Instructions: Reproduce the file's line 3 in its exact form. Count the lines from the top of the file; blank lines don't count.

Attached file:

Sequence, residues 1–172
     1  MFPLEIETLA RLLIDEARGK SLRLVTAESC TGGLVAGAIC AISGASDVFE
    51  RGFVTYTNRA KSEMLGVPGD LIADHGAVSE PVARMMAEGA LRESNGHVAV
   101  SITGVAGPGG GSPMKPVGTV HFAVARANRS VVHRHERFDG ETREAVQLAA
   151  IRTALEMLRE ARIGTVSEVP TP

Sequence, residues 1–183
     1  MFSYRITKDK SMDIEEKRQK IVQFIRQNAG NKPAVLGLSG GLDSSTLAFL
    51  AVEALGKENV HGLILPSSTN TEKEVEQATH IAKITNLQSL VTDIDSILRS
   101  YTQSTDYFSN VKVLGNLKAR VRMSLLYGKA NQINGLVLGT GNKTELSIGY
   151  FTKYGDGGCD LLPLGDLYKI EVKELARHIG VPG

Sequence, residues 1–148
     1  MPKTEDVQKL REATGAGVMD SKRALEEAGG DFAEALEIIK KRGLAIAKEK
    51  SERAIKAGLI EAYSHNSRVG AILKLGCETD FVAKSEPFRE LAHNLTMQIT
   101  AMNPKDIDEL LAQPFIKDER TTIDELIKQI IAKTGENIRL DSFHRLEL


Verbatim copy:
    51  RGFVTYTNRA KSEMLGVPGD LIADHGAVSE PVARMMAEGA LRESNGHVAV